Although I agree with the general sentiment expressed by others (if
is not expressed as declarative constraints in DB2 then the RI is
per cent guaranteed), I have to express a few exceptions to the
DB2 does a referential integrity check for every row insertion. You
increase efficiency if your application does a single check of a
the parent table and then makes multiple inserts to the child
should not be the sole determining factor for implementing RI or
though, because program logic can fail (bugs, errors, etc.) or be
from program to program; and ad hoc modifications will not be
If the application processing needs are such that the parent table
before even one child is inserted, consider not implementing DB2
RI. In this
case, DB2 would repeat the read process that the application must
to satisfy its processing needs. Same caveats as above though.
Do not use DB2 RI on tables built from another system that already
referentially intact. If the tables are updated after being built
from the external data source, consider building the RI into the
code where appropriate and ignoring the RI when building or
tables from the referentially intact source.
Do not use DB2 RI if tables are read only. If you need to scrub the
when loading, you still may want to use DB2 RI.
Define a primary (or unique) key to prohibit duplicate table rows.
should be done to ensure entity integrity regardless of whether
tables are related to the table being defined. Entity integrity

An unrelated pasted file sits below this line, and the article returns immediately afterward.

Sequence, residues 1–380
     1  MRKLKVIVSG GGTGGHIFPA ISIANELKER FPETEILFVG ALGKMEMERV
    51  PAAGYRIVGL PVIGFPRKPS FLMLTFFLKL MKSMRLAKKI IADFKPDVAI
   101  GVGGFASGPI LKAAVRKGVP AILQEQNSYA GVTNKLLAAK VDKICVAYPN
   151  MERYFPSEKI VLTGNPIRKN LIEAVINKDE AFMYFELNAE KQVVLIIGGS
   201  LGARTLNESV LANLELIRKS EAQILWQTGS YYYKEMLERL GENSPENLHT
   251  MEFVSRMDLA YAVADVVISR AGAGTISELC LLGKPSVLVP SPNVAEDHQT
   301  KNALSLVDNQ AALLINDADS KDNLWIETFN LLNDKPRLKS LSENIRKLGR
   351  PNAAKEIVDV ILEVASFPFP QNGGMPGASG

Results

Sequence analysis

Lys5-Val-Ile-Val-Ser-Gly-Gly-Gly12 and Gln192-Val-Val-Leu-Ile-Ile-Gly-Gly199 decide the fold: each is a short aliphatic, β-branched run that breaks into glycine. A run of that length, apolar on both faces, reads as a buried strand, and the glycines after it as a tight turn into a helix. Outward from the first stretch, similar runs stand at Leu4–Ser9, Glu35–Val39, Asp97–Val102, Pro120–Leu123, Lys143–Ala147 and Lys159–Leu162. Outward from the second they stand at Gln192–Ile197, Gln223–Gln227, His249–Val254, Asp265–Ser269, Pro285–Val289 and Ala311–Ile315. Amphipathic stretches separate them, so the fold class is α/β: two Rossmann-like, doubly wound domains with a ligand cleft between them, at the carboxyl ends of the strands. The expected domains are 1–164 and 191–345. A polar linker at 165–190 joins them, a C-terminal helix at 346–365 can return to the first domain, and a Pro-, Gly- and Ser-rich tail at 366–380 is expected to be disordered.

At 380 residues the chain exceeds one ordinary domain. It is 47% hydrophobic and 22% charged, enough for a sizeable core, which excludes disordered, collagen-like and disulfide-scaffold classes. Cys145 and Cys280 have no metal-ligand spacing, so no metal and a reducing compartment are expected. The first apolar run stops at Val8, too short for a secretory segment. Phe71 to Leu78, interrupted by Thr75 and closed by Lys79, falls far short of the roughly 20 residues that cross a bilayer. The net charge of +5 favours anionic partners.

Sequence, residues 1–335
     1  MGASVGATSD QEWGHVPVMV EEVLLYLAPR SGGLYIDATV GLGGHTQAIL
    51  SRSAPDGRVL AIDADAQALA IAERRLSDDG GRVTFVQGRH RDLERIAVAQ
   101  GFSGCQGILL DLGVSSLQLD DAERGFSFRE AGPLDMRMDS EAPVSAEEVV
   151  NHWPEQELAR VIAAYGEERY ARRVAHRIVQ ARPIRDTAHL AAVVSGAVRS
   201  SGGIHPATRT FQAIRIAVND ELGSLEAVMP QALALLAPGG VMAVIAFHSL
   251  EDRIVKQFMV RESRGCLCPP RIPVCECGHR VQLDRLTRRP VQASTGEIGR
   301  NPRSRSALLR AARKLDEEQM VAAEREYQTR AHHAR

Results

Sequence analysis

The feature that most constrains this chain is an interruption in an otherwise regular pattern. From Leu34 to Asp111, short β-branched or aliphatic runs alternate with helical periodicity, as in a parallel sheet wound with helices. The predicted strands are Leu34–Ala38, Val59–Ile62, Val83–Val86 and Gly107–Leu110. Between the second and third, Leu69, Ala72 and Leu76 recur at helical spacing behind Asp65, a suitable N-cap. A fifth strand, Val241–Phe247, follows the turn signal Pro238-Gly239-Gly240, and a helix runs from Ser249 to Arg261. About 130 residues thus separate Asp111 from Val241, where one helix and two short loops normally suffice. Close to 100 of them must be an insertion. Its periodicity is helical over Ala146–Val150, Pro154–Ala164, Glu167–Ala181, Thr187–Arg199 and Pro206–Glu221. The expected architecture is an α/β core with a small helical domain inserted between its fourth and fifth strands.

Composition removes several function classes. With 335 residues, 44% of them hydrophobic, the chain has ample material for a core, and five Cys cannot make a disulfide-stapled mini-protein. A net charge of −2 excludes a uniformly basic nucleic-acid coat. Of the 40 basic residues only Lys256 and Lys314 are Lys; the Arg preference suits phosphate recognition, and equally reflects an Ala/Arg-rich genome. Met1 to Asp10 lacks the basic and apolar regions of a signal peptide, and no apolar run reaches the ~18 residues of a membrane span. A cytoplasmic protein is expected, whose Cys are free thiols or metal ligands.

each row in a table represents a single, real-world entity.
Avoid large referential sets. Try not to tie together all tables in
system; otherwise, recovery, quiesce, and other utility processing
difficult to develop and administer. For this reason, consider not
referential constraints to tie lookup, code, and domain tables to
tables in your database. These tables are typically "low update"
done via ad hoc SQL.
Another issue to deal with is that not every RI need is covered by
declarative constraints. For example, there is no ON UPDATE
capability. And you can not define a constraint such that when the
child row is deleted for a parent row, the parent row should be
(this is called pendant delete). As of DB2 V6, you can code
enforce these type of RI rules, though. Like declarative RI,
non-bypassable, which is good. But the down side is that you must
logic in the triggers yourself (which can be prone to bugs).
Craig S. Mullins
Director, DB2 Technology Planning
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>From: madhavan [mailto:[login to unmask email]
>Sent: Monday, January 24, 2000 6:04 AM
>To: [login to unmask email]
>Subject: DB2 referential integrity
>One of our customer's shop standard is that DB2 referential
>not be used in the normal cases. Referential integrity will be
>through program logic. I was also told that 90% of the DB2
shops do not use
>DB2 referential integrity due to performance reasons.
>I thought referential integrity through DB2 will be performance
>than checking it through the program. Also unless we do a fetch
>there is always a chance of loosing the integrity of data when
>referential check in the programs.
>Can you please give me your experiences on this?